Cyber-Squatting or Abusive Registrations
One way in which disputes have arisen is where a third party intentionally registers a domain name in the knowledge that someone else will want it, such as "windows95.com". This domain name was registered by a student in Utah. The intention may be to hold the company or business who wants to use the domain name to ransom, and demand financial reward for giving up the domain name. Another example is where "Mcdonalds.com" was registered by a journalist, Mr Quittner in 1994. To secure return of the name, McDonalds were forced to make a donation for computer equipment for a primary school.
In Marks & Spencer Plc v One in a Million Ltd, and in British Telecommunications Plc v One in a Million Ltd, the defendant, One in a Million Plc, a dealer in Internet domain names, registered domain names of trademarks of well-known commercial enterprises without the consent of those enterprises. The plaintiffs whose names had been registered by the defendant in various forms applied for summary judgment in an action for passing off and trademark infringement. The Court granted the application that the plaintiffs were entitled to a final injunction quia timet restraining the defendant from using or selling the names and compelling the defendant to assign registration of the names to the plaintiffs.
A second way in which disputes arise is where a domain name is registered by someone who knows it is the same as a trademark belonging to someone else, or very similar to such a trademark, but intends to use it for their own purposes. Visitors to the site may be surprised to find that the goods or services which are advertised are not those they would normally have associated with the mark that they know and understand. Teubner & Associates, a high technology software company found themselves in just such a position. A competitor of Teubner's registered the name "tuebner.com", which is a common misspelling of Teubner. "Tuebner.com", after negotiation, has been reassigned to Teubner & Associates.
Competing Legitimate Claims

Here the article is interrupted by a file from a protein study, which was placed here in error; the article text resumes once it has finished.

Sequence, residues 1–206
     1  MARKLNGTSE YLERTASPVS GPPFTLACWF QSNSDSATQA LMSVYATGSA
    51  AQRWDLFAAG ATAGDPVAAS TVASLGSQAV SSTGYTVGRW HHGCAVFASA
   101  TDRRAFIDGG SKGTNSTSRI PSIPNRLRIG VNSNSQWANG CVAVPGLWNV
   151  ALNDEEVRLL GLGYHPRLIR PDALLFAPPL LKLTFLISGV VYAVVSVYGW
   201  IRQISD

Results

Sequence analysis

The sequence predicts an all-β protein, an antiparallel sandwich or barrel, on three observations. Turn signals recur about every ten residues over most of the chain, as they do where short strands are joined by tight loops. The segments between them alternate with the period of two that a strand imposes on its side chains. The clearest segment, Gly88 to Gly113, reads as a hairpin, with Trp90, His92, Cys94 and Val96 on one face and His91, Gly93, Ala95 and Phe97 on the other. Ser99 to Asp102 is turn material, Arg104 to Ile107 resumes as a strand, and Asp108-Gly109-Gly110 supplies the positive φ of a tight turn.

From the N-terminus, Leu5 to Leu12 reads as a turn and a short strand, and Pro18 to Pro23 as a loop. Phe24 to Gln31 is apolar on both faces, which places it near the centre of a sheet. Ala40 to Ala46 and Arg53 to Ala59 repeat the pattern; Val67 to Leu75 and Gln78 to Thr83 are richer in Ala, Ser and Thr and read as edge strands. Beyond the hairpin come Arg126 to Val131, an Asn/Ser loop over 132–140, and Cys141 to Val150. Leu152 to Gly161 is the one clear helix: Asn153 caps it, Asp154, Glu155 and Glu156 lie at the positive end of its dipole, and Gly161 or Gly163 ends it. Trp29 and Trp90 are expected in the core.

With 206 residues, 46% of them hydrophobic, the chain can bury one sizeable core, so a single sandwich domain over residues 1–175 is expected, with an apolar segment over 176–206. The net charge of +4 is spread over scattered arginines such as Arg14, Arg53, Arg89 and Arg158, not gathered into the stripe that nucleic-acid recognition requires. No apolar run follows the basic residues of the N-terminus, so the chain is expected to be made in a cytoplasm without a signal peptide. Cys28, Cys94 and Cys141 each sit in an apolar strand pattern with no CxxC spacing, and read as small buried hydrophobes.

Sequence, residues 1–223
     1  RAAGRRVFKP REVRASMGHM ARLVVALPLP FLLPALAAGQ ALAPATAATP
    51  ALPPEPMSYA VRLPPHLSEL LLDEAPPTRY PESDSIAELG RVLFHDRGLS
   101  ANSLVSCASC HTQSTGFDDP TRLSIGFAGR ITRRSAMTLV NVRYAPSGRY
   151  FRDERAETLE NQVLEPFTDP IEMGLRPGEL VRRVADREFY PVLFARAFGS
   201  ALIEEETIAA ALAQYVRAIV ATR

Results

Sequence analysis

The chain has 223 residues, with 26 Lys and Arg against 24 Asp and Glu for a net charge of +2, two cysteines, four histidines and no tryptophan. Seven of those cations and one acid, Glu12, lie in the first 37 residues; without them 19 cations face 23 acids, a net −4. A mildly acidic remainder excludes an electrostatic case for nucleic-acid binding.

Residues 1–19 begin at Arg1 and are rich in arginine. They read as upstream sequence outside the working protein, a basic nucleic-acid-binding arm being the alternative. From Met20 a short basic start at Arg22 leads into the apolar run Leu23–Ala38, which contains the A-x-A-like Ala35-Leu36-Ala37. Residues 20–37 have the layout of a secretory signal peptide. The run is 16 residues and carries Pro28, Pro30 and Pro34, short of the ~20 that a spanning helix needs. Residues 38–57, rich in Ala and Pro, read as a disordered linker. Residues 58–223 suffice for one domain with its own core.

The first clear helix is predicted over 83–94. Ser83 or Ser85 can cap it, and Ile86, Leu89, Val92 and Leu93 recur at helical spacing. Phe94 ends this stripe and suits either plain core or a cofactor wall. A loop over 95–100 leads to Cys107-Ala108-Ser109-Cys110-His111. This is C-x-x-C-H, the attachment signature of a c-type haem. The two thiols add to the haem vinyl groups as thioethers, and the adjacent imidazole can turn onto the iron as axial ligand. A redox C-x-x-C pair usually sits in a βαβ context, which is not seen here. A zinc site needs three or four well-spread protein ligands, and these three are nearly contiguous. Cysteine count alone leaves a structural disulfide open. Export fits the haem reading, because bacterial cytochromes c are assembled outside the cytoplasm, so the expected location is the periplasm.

A third way in which disputes can arise is over "innocent" registrations. This is where registration is made of what would be a logical choice of a domain name. The example of "Drake" above provides one such scenario. The winner of the race to the register for the domain name "Drake.com" could be the stationery company. Imagine the surprise of the computer literate clients of the firm of solicitors, or devotees of Drake grass seed when they access the home page and find out it is totally unrelated to the products or services that they associate with the name.
In Pitman Training Ltd v Nominet UK, Pitman Publishing, the second defendant, whose application bearing his second name to register pitman.co.uk and pitman.com as domain names for use by its publishing division in establishing a web site was accepted by Nominet UK, an Internet service provider. However, a franchisee of Pitman Training, the plaintiff, later successfully registered the same name. It was found that the name had been redelegated to the plaintiff . When the defendant realised what had happened, through its solicitors, the domain name pitman.co.uk was successfully transferred back to the defendant by Nominet UK. The plaintiff then initiated legal proceedings. The case is unusual as the second named defendant and the plaintiff had originally been part of the same business. This made it difficult to raise a claim that one party or the other was engaging in passing off. However, it was held that the Court gave judgment for Nominet and the second defendant. There was no evidence to support the plaintiff's contention that use of the domain name by the second defendant amounted to passing off, given the second defendant's long use of the name by way of its being successor in title to the Pitman name. The ruling judge, Sir Richard Scott V.C stated that interference with contract had not arisen as the plaintiff had contracted with a separate service provider, not directly with Nominet UK.